The Cookie Before the Storm

If you will potentially be affected by Hurricane Sandy, hurry up and make a batch of these cookies before your power goes out!  After realizing that PEPCO has trouble keeping the power on during a run of the mill summer thunderstorm I bought batteries, two LED lanterns and an AM/FM, hand crank radio.  We contemplated buying a generator, but instead plan to try and eat most of our expensive frozen food this weekend.

If I wasn't worried about hurricane preparedness, this time of year I would be worrying about what to serve for Thanksgiving.  For this I usually turn to the November issue of various cooking magazines.  We never have the same menu, and as long as there are pie and mashed potatoes the family gives me creative license.  Food & Wine's November issue promised "the ultimate Thanksgiving," but the cookie recipe and the brussels sprouts recipe I will share here came from an article showcasing the talents of some hip, young chefs.  They have both earned a spot on our Thanksgiving menu.

From Belinda Leong, pastry chef at B. Patisserie in San Francisco:

Chocolate Brownie Cookies

1 lb semi-sweet chocolate, chopped (I used chocolate chips)

4 TBS unsalted butter

4 large eggs, at room temperature

1 1/2 cups sugar

1 tsp vanilla

1/4 tsp salt

1/2 cup all-purpose flour, sifted (I didn't sift)

1/2 tsp baking powder

one 12 oz. bag semi-sweet chocolate chips

Melt chopped chocolate with butter (I did this in a microwave), stir until smooth.

In another bowl using a hand held electric mixer (or a whisk like I did), beat the eggs with the sugar until thick and pale.  Beat in the vanilla and salt.  Using a rubber spatula, fold in the melted chocolate, then fold in the flour and baking powder.  Stir in the chocolate chips.  Scrape the batter into a shallow baking dish, cover and freeze until well chilled and firm, ~1 hour.

Preheat oven to 350F.  Line baking sheet(s) with parchment.  Scoop 2 TBS size mounds of dough onto the baking sheets, ~2" apart.  Bake for about 10 minutes until the cookies are dry around the edges and cracked on top.  Let the cookies cool on the baking sheets for 10 minutes then transfer to a rack to cool completely.

These cookies are like thin, round brownies.  Everybody gets a chewy center and a crisp exterior, not just the people who get the corner piece from the brownie pan.  I am envisioning them sandwiching some peppermint ice cream.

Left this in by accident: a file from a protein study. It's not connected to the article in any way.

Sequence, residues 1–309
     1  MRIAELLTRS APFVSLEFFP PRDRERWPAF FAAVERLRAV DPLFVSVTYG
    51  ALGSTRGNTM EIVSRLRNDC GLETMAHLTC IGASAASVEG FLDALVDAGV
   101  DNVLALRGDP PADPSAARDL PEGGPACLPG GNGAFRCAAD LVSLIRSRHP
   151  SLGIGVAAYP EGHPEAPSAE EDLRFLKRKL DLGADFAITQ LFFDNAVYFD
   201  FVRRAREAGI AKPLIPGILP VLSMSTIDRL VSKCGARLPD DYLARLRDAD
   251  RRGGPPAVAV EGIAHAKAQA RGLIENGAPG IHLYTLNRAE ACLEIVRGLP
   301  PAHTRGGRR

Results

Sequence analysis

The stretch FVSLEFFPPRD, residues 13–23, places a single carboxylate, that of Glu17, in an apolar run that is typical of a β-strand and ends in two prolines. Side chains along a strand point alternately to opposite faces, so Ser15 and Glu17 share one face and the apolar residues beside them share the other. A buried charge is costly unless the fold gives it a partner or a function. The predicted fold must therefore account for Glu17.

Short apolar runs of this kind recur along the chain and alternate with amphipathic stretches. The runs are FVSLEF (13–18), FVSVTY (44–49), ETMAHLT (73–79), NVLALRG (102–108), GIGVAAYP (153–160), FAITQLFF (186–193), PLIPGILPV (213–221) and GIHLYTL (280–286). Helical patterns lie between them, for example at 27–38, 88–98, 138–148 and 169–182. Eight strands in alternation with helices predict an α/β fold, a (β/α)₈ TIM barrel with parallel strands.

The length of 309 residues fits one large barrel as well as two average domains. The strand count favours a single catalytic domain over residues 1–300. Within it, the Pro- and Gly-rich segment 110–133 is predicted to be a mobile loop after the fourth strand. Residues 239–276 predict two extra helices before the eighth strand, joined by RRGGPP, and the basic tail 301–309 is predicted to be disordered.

From Nicolaus Balla, chef at Bar Tartine, also in San Francisco:

Warm Brussels Sprouts with Honey, Caraway & Lime

2 lbs. brussels sprouts, halved lengthwise

3 TBS extra virgin olive oil

Kosher salt

1/4 tsp caraway seeds

one 1/4" piece of star anise

1/4 cup shredded carrot

2 TBS lime juice

2 TBS honey

1 small garlic close, very finely chopped

1/4 thinly sliced scallions

1/4 cup chopped mint

1/4 cup chopped cilantro

2 serrano chiles, seeded and thinly sliced (I omitted)

Preheat oven to 425F. In a large bowl, toss the halved sprouts with the olive oil and season them with salt.  Spread on a large, rimmed baking sheet and roast for ~40 minutes, stirring once or twice, until the sprouts are tender and crisp on the edges.

Meanwhile, in a small skillet, toast the caraway seeds and star anise until they are fragrant, ~1 minute.  Transfer to a spice grinder and let cool completely, then grind into a fine powder.

In a small bowl, whisk the carrot with the lime juice, honey, garlic and the spice powder.  In the large bowl, toss the hot sprouts with the dressing, scallions, mint, cilantro and chilies and season with salt.  Serve right away.  

The sprouts lost their crispy edges after hanging about on the counter for a bit,and I may increase the amount of dressing by about 1/4.  Eaten straight out the refrigerator for lunch the next day, they were still delicious, an important characteristic for Thanksgiving fare.

Sophie and I are headed to the library today to stock up on non-electronic entertainment.  She asked if it was going to be "like a real hurricane, like Katrina, where houses get destroyed."  I don't anticipate total destruction in my neighborhood, mostly inconvenience, but I am saying a little prayer for everyone in Sandy's path.